📱 The Shell - CLI vs GUI
Generally, a shell is the outermost layer of an operating system. It exposes an interface that allows a user to communicate with the kernel. This can be a graphical user interface (GUI) like a desktop environment, or a command line interface (CLI).
With some experience, the CLI is a much quicker way to navigate your operating system and perform any actions like opening an application or installing software. You're also not dependant on which parts a particular GUI exposes to you, or where to find the button you're looking for.
Ubuntu (like all Linux distributions) comes with the Bash Shell. Per Bash convention, the command prompt for a non-root user has the form
~ shows what the default working directory is (for a regular user, that's the
/home directory), the
$ indicates that the logged in user has no root priviliges. The root user would see a
Within a command, the
# character marks a comment, everything that follows will be ignored. Using it makes little sense unless you write a shell script with multiple lines.
📱 General Commands
# clear the terminal window clear # list the last 500 commands history # enter the most recent command into command line <up_arrow> # print user manual for a command man <command> # list all processes top # list information about hardware and kernel (see uname --help for options) uname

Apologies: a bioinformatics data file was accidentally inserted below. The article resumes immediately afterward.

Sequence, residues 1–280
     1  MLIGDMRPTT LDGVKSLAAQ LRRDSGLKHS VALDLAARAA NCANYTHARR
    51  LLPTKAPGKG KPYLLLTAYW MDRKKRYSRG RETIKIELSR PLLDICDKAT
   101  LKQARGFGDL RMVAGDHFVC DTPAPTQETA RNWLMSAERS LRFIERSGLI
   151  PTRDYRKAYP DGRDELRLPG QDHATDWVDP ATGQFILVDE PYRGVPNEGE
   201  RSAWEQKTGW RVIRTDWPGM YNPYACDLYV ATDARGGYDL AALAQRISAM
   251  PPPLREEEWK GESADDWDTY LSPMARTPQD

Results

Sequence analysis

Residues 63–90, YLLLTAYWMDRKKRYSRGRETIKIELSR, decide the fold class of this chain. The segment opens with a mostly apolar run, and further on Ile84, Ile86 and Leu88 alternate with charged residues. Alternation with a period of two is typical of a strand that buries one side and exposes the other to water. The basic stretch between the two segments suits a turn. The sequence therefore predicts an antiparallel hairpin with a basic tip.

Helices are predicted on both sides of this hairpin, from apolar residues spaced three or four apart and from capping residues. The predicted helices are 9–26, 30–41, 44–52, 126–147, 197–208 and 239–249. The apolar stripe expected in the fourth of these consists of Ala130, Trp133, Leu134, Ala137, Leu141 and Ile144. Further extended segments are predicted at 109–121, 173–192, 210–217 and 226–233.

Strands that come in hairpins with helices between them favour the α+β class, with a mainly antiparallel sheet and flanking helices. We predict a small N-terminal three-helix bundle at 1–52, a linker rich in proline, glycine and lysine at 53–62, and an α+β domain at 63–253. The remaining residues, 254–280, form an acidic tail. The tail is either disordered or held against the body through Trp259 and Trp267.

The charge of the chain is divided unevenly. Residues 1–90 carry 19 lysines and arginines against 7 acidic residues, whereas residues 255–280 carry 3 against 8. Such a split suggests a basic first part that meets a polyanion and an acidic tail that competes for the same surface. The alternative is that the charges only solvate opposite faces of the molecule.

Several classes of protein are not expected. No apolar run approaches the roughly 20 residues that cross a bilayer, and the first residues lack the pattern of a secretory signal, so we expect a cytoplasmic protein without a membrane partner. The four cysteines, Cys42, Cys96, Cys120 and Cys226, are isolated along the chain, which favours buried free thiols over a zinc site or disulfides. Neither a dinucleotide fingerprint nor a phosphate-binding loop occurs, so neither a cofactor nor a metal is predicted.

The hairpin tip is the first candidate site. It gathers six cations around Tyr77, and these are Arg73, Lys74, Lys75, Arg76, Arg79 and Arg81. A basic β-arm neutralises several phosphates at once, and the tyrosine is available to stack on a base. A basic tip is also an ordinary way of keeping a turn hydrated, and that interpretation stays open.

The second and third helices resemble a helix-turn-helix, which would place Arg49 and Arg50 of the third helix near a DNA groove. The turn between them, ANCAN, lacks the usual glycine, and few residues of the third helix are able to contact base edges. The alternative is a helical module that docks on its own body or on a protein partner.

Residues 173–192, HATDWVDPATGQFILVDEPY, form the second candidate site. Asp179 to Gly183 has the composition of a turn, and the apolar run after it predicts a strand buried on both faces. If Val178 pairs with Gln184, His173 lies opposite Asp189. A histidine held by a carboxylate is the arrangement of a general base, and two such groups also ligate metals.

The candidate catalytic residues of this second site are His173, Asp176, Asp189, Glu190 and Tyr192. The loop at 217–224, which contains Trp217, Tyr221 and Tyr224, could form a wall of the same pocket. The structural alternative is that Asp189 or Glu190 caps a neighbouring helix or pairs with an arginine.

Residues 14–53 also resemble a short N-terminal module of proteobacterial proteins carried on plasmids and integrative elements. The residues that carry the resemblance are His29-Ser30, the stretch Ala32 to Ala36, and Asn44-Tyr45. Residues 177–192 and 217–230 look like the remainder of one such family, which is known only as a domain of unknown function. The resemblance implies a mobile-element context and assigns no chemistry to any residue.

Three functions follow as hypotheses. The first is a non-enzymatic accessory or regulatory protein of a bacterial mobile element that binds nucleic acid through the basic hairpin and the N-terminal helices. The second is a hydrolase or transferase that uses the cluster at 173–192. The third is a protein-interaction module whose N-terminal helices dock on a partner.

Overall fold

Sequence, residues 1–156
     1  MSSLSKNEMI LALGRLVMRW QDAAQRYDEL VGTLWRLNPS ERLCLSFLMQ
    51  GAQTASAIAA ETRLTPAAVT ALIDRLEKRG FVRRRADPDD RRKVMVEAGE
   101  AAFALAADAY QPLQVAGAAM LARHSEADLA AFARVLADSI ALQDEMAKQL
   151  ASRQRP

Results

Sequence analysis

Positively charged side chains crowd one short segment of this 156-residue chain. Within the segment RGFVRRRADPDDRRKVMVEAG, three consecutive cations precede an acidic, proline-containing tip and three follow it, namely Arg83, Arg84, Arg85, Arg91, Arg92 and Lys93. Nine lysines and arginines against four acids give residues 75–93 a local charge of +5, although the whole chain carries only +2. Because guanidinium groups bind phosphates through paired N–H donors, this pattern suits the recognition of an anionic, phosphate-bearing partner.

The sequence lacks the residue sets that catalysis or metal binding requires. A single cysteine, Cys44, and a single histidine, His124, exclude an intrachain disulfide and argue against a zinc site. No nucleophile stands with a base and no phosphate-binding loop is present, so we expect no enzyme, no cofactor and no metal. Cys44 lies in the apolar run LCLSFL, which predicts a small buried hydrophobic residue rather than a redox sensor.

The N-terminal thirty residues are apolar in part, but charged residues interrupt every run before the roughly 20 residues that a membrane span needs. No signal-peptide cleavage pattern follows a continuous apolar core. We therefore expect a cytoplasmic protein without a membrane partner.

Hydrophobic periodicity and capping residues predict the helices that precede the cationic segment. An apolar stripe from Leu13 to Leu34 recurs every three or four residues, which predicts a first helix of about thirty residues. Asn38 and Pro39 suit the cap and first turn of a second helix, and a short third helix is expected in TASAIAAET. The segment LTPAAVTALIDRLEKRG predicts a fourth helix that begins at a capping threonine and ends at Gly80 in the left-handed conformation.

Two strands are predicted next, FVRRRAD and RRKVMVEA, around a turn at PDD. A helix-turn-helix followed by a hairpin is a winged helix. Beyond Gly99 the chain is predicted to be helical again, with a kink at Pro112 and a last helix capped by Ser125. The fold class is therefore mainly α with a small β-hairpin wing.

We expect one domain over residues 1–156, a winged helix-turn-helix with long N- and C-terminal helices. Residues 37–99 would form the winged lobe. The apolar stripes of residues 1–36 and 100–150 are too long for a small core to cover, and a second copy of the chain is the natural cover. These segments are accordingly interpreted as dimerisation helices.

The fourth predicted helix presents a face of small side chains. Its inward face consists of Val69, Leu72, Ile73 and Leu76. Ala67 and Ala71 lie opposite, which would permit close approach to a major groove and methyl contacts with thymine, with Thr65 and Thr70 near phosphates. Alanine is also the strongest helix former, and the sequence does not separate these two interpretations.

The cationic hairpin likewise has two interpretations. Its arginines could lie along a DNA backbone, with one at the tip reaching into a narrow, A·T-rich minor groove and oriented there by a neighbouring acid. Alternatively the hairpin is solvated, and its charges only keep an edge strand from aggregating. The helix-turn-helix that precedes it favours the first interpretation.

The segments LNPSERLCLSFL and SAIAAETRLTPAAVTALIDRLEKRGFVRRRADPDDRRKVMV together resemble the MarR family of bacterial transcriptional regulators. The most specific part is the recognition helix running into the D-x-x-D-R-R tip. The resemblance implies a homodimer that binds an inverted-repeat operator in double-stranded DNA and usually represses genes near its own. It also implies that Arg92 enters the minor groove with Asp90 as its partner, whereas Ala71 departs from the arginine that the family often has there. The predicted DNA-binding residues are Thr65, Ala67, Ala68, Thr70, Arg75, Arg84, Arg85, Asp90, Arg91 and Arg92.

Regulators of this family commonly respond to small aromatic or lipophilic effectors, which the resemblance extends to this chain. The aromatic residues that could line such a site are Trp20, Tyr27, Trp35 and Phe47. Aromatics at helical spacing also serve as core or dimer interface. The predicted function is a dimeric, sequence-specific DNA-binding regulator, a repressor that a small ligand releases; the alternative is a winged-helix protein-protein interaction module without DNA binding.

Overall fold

📱 Files and Directories
# list all files and folders in the current directory ls # detailed list ls -l # include hidden files and folders ls -a # list all files and folders in any directory ls </absolute/path/to/directory> # print current working directory pwd # go to root directory cd / # go to home directory cd cd ~ # locate the binary that is executed for a command which <command> # locate the binary, source and manual-page for a command whereis <command>
Handling files and directories
# open file manager with *root* priviliges sudo nautilus # create directory mkdir <dirname> # create file touch <filename> # rename and/or move a file mv <oldPath/oldFilename> <newPath/newFilename> # copy file cp <filename> <filenameOfCopy> # remove file rm <filename> # remove directory rmdir <dirname> # recursively remove non-empty directory rm -R <dirname>
Reading and writing to text files
# add text on a new line to a textfile echo <your-text> >> <filename> # display text content of file cat <filename> # join two text files and put the content in a third file cat <filename1> <filename2>><filename3>
# display the computer's hostname hostname # display IP address instead of hostname hostname -i # list network properties ifconfig # ping another computer ping <ipaddress> ping <domain> # display nameserver records for a domain nslookup -type=ns <domain> # download a file from the internet to the current directory wget <file_url>